Source: Card 1990.
Driven by the moral panics surrounding the boatlift, the administrative machinery in Miami ground on. 125,000 came in the boatlift. As work by Alexander Stephens shows, in the final round up of Marielitos over the winter of 1980-1981 in the Miami area, 150 homeless people were stripped of their immigration parole. Intensive policing of this population documented a few hundred cases of unusual violence or dysfunction, and documented them so thoroughly that even 35 years later they are ready for the New York Times to regurgitate as emblems of the “Marelito crisis”.
The occasion was the normalization of relations with Cuba under President Obama. As the New York Times hastened to remind its readers, this reopened the Mariel question. Hundreds of the Mariel arrivals who had since fallen foul of the law face deportation back to Cuba. With the help of retired ex-cops in Miami, intrepid Times reporters traced down one paroled murderer to Illinois. Since the man in question refused to respond to their enquiries, the last word on this “bad hombre” (sic), was left to the detective, a Mr. Diaz: “He was vicious,” he said. “He was bad news. They should ship him back.”
As Stephens points out in this sharp piece, January 2017 was a good moment to revive 1980s visions of American carnage.
How then do we get from Mariel as a violent emblem of America’s toxic relations with Cuba and the Caribbean, to the Sveriges Riksbank Prize in Economic Sciences in Memory of Alfred Nobel – aka the “Nobel” prize in economics?
What lured David Card onto this fraught terrain, what makes the Mariel boatlift irresistible, is a question of methodology, precisely the question highlighted by the 2021 Nobel awards.
Economists don’t like complex entangled histories. They don’t like them because they make it hard to cleanly identify causation.
Judging the impact of the large migrant flows from Mexico to the US is complex because the migrants themselves are heavily influenced by news about the labour market situation in the US. Migrants will not go to places where the labour market is so slack that their arrival would tend to depress wages severely and leave them unemployed. So, empirical tests will struggle to find large impacts of migration on unemployment and wages. But that does not mean that all else being equal the migration → wage effect is not real. It may simply be obscured by the fact that there is another causal loop running at the same time from wages and unemployment to migration flows.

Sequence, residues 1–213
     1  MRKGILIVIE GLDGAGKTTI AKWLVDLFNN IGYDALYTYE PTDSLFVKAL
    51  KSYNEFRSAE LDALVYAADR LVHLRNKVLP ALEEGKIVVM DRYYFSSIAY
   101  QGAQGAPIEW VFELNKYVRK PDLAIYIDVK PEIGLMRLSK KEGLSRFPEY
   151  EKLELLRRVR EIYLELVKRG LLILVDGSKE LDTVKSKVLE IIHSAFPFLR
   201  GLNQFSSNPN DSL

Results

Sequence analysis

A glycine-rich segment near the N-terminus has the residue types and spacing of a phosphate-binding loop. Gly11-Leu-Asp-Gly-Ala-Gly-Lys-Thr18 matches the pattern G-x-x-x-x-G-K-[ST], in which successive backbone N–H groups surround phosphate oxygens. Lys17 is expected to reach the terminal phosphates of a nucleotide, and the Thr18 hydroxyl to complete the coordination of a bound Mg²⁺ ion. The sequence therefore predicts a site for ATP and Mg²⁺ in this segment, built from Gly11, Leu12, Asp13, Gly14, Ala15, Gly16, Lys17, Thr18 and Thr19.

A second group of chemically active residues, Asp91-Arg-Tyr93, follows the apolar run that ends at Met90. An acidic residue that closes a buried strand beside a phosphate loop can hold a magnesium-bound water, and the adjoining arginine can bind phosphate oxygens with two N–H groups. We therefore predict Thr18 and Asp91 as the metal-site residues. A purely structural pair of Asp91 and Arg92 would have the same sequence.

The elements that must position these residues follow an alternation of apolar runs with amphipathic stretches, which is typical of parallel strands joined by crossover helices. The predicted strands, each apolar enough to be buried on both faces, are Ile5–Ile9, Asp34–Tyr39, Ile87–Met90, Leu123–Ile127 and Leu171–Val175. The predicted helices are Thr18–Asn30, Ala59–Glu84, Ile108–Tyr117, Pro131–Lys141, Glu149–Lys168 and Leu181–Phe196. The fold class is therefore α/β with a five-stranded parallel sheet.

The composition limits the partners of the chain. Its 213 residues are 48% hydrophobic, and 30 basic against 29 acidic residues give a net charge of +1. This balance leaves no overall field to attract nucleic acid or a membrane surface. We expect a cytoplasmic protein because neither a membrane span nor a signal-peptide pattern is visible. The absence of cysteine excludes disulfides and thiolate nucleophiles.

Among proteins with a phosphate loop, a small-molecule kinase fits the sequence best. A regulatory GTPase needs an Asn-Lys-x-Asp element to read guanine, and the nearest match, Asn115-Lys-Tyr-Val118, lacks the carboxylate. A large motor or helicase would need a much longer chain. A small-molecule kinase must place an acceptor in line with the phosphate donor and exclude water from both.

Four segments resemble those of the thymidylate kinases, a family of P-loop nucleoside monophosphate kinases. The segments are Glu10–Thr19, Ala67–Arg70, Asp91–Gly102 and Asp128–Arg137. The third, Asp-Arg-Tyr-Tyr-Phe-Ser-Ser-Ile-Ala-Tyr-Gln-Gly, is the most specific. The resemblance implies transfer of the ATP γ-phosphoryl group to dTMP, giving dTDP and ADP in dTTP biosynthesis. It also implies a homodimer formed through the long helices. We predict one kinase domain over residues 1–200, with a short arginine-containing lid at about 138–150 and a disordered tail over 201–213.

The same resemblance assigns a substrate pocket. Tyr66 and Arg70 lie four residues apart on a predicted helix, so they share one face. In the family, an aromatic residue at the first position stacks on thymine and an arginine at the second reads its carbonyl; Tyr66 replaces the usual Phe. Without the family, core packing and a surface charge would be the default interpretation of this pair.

One can cut through this complexity if one can find a moment – a natural experiment – in which those feedback loops are not operating.
Natural experiments are paradoxical – or perhaps dialectical. They are moments when out of complex and entangled social reality, events or interactions emerge that seem truly exogenous and random and thus allow the clear identification of what is cause and what is effect. Thesis-antithesis.
In the hands of Card, the Mariel boatlift became such a moment. The Miami labour market had been absorbing migrants from Latin America and the Caribbean for years. But, Castro’s decision in the spring of 1980 to release the flow of refugees to the United States was unrelated to the state of the Miami labour market.
It was a “natural” experiment, courtesy of the Cold War.
The inflow of migrants from Cuba and Haiti raised Miami’s workforce by 45,000 workers or 7 percent in a matter of months. Such an increase in the supply of labour ought – according to the precepts of neoclassical economic theory – to have shifted the price at which the labour market cleared in a downward direction. More workers → lower wages. And this effect ought to have been particularly pronounced at the bottom end of the labour market.
What David Card’s famous, 1990 paper on the Mariel shock in Miami demonstrated, was that this had not happened.
The average wages of workers in Miami were stable in the early 1980s, despite a national trend in the downward direction. This was true for white and black workers. The same was true for non-Cuban Hispanics who did relatively well in Miami compared to other cities.
The story for Cuban workers was more complicated. Their unemployment rate surged and their wages fell, as standard theory would predict. But the question is why? One can only speak of a displacement or competition effect if wages for Cubans already in the Miami labour market were forced down as a result of the Mariel arrivals. But what Card found was that the reduction in the average wage of Cuban workers was fully consistent with the lower skill level of the Mariel arrivals. As the Mariel arrivals joined the labour force, the average Cuban wage in Miami went down because the skill level of the new entrants was lower, not because they were exercising competitive pressure.
As Card pointed out, no natural experiment is ever actually isolated. One of the reasons that the Mariel boatlift population could be absorbed was that other migration to Miami slowed. All in all, Miami’s population in 1985 was where demographers had expected it to be in 1979, before the Mariel shock. There was no net deviation from trend.
Furthermore, as a city that had long grown through hispanic immigration, Miami had employers who were primed to employ Spanish-speaking migrant labour and were happy to take on the Mariel workers too.
Qualifications aside, Card’s conclusions were remarkable. They go against the mainstream consensus not just with regard to recent migration, but of historical experience as well. In the first wave of globalization in the nineteenth century, we have robust evidence for distributional impacts on both ends of the flow.
But since the 1990s, Card’s research has spawned investigations in many other locations. This tends to confirm the view that migration on the scale we witness today in advanced economies has relatively slight impact on wages, unemployment and inequality. In the UK for instance, the large scale migration of the early 2000s is thought to have depressed wages for low-skilled service sector workers by 1 percent over a decade.
This finding, however, sits extremely uneasily with conventional economic understanding and with politics that favors immigration restriction, whether that be in the US, in Europe or elsewhere.